A trader's result over a year is summarized and determined by the hit percentage (winners in relation to losers), as well as how much one earns from the winners and lose from the losers. The goal for most people is to have a hit percentage well above 50%, lose little on the losers (tight stops) and, in sum, make more on the winners. In a market with many sudden reversals and jumps from day to day, a trader will often experience both that the hit percentage is slightly weakened, and that some of the losses are slightly larger than expected because the prices jump past your stop-loss level overnight. It does not take more than an increased occurrence of this for a trader to end up at zero or minus.
The other trend I have observed in the market in 2022 is an increasing occurrence of quick counter moves before larger price moves. For short-term traders, this is simply a "feint" where prices breach obvious stop-loss levels and abruptly reverse. There have always been some of these in the market, but my impression is that they have occurred more often this year. Possibly because several professional actors such as market makers and trading robots use technical/quantitative analysis. Below is an example that I review in some detail.
NASDAQ – 100 E-Mini Futures, weekly two year chart
NASDAQ – 100 E-Mini Futures, weekly five year chart
The chart above shows NASDAQ 100 futures with 10-minute candlesticks from December 20 to 22. We see that the prices were in a clearly defined trading range before the opening of regular trading on the 21. at 15:30. If we had looked at a slightly longer chart we would have seen that the NASDAQ had had a significant pull down in the previous days and it was not unreasonable to assume that the consolidation range would be broken on the upside for some correction of this larger down move. If one took a position in such a scenario before the US opening, it would have been common to have a stop-loss either at the bottom of the last candlestick in the middle of the range prior to opening, at the bottom of the trading range or at a breach of the level the futures reversed at around 1:00 p.m. earlier that day.
What the chart shows is that in the minutes after the US opening, the prices slumped below all these levels. This means that all stop-losses that were there were triggered, and the positions taken out of the market. In the following minutes, prices reversed strongly and broke out on the upside of the trading range. However, we see that buying this break-out was not easy either. Prices immediately fell back to the mid-range for the next few minutes before breaking to the upside again.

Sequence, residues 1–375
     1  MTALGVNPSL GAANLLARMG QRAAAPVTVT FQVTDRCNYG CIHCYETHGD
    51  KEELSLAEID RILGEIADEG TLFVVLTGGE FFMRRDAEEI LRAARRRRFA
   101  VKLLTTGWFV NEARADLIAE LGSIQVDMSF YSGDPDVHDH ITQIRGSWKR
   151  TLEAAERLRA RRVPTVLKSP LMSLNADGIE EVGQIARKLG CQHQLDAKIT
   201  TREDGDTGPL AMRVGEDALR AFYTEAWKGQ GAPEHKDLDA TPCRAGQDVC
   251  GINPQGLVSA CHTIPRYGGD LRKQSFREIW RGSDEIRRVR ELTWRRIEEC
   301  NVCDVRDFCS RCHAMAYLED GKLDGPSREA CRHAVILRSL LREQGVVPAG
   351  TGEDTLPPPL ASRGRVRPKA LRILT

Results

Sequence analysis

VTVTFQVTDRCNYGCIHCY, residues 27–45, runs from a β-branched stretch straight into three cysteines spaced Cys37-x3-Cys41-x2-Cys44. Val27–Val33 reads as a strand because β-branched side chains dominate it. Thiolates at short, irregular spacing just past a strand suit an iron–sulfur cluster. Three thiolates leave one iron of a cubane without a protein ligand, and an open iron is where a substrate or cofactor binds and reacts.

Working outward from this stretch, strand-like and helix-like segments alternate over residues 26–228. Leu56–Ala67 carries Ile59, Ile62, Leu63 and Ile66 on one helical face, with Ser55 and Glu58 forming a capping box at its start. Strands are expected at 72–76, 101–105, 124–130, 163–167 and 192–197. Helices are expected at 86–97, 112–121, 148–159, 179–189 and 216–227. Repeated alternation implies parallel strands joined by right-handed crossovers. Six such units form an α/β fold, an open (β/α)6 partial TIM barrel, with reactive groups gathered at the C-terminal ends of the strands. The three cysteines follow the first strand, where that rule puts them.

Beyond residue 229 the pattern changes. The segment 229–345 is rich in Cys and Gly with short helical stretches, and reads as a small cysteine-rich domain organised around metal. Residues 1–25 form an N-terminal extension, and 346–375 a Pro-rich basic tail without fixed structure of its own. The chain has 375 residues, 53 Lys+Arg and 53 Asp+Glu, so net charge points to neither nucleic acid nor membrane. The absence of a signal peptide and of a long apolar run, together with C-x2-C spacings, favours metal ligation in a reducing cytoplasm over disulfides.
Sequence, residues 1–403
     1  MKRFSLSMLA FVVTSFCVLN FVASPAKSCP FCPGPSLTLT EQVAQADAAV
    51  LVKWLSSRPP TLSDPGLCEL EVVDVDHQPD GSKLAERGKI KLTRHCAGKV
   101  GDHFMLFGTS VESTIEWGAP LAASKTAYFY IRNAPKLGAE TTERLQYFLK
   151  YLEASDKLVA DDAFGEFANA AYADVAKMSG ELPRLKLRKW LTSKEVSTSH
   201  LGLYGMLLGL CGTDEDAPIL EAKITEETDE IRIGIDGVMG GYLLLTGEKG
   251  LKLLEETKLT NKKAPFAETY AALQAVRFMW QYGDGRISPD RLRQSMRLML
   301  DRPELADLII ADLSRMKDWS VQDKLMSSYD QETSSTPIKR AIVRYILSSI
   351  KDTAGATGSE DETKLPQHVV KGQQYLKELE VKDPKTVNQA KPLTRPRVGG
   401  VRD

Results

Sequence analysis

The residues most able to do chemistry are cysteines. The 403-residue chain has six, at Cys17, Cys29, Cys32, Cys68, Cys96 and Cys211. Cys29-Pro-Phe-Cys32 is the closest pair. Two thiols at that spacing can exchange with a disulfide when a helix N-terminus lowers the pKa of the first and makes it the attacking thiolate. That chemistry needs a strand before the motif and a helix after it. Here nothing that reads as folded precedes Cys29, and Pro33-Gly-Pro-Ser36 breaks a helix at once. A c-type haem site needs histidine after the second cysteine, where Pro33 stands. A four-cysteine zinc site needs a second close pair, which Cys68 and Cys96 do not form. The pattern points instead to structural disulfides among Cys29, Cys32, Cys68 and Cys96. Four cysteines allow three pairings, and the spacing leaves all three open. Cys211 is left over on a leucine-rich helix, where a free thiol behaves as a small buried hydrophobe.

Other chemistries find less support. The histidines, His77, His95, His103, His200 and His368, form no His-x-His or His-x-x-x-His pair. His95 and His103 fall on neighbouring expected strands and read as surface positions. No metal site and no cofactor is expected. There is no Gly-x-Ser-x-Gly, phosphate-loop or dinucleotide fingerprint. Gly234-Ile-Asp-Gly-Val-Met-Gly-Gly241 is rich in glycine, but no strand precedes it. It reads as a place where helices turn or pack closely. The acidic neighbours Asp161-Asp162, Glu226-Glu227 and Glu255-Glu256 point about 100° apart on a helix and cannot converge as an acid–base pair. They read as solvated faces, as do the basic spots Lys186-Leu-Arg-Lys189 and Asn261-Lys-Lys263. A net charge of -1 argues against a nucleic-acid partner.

My point in showing this is to illustrate the practical challenges encountered in the market. When you find an attractive setup and take a position, you must have a stop somewhere. The example shows that the most obvious stop levels are often "gamed" or "wiped" in movements that are so significant that they can hardly be avoided. What about not having a stop when the range is broken on the downside? The year 2022 is full of examples that in that case you would have to take the stop 1-2% further down. Tight stops have not been ideal, but still better than the alternative.
The challenge of this can be compared to playing poker against experienced poker players. One must not only have a good hand and play it well, but also have the ability to recognize when the opponent is bluffing.
So what is the solution to this for traders? You can almost say that there is no ideal solution. If you have positions in the market ahead of such a movement, they will often be knocked out at stops. If you do not have positions, you can be well prepared to wait for just such a scenario as above. Then you can sometimes achieve using such stop-losses to enter positions instead of being knocked out of them. I myself carefully map such movements now in my archive and study them with the aim of profiting more from such setups going forward.
And with that I would like to wish all traders and readers of my articles a Merry Christmas and a happy and profitable 2023.
Disclaimer: After many years in the brokerage industry I started my own business in 2021. I published the book "Paleo Trading: How to trade like a Hunter-Gatherer” and launched Paleo Capital that manages a hedge fund according to the principles described in the book. I emphasize that nothing written on this blog is to be regarded as personal advice or a concrete call to take positions. Everyone must be responsible for their own decisions and familiarize themselves with the products they use.